M47 Patton tank Black Knights 2016
Soldiers, with 3rd Battalion, 66th Armor Regiment, 1st Armored Brigade Combat Team, 1st Infantry Division, use a crane lift to remove the top deck of a M47 Patton tank at Fort Riley, Kan., Jan. 9, 2016.|Photo by U.S. Army Photo

M47 Patton Tanks Restored by Army’s ‘Black Knight’ Soldiers

'Black Knight' soldiers and members of the US Army Brotherhood of Tankers and Military Vehicle Preservation Society recently worked on two M47 Patton tanks.

The following is a release from Spc. Derrik Tribbey, U.S. Army:

Soldiers, assigned to 3rd Battalion, 66th Armor Regiment, 1st Armored Brigade Combat Team, 1st Infantry Division, began restoration of two M47 Patton tanks at Fort Riley in Kansas, Jan. 9.

Assisting with and advising the “Black Knight” Soldiers with the restoration were members from the U.S. Army Brotherhood of Tankers, or USABOT, and the Military Vehicle Preservation Society, or MVPs.

The M47 saw limited service with the U.S. Army and was quickly replaced by the M48, according to USABOT.

“This means a lot,” said Sgt. Adrian Medina, an M1 armor crewman with 3rd Battalion, 66th Armor Regiment. “Especially with having a lot of the older veterans coming in. These are tanks that are part of our heritage. A lot of technology and thought went into creating these tanks to better our jobs and everything out of these old tanks has been applied to our newer tanks like our Abrams. So it means a lot to get back into history.”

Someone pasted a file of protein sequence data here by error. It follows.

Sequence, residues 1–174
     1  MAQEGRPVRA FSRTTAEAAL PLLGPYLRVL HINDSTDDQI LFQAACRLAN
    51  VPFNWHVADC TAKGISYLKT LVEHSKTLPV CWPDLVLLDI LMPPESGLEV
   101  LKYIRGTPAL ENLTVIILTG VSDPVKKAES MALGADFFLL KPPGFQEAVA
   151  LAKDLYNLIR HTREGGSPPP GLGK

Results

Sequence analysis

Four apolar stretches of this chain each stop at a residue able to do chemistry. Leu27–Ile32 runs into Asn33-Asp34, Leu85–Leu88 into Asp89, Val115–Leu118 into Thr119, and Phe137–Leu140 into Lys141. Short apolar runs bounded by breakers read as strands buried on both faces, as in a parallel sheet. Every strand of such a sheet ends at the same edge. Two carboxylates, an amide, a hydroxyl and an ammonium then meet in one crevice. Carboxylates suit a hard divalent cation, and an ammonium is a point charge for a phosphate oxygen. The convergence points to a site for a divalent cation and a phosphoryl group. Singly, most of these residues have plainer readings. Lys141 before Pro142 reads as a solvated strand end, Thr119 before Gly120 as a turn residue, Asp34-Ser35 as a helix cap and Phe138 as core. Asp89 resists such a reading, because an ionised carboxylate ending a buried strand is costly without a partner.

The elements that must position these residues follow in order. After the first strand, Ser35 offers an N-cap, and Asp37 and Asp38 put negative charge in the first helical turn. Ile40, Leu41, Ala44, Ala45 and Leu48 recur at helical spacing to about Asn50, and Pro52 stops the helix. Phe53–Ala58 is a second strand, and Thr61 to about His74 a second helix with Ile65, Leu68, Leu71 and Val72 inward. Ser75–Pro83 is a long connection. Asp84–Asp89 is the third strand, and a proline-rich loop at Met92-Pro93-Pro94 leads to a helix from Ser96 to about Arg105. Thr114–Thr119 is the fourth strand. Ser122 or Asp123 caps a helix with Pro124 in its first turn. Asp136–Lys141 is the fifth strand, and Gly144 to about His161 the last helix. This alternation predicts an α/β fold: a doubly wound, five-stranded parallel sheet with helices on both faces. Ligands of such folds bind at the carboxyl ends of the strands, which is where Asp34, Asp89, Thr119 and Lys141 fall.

Medina said his unit hoped to have at least one of the M47 tanks able to run after the restoration was complete. When finished, one tank will be displayed in front of the unit’s headquarters while the second will be placed in front of the motor pool.

“I think it’s great to get the Soldiers involved in the history,” said retired Sgt. Maj. Lowell May, former Fort Riley Soldier and the president of the local chapter of the MVPs.

May said the M47 was the first tank built after World War II and was in service through the 1950s.

“You cannot explain the feeling that you get,” said retired Sgt. Maj. Bob Trevorrow, a representative of the USABOT. “It’s a bit of history.”

The USABOT has grown from 500 members to 17,000 members within the past four years, Trevorrow said. They have now created a network with British and Israeli tankers as they strive for a brotherhood across the world.

“These girls are before my time,” Trevorrow said. “Some of us were in the Korean War and to see these, especially if we can get one running, that would be awesome.”

The M47 tanks will be refurbished and painted as well, Trevorrow said. He expressed his appreciation that 3rd Battalion, 66th Armor Regiment, invited him to help and said he felt he was reliving history.

Load Comments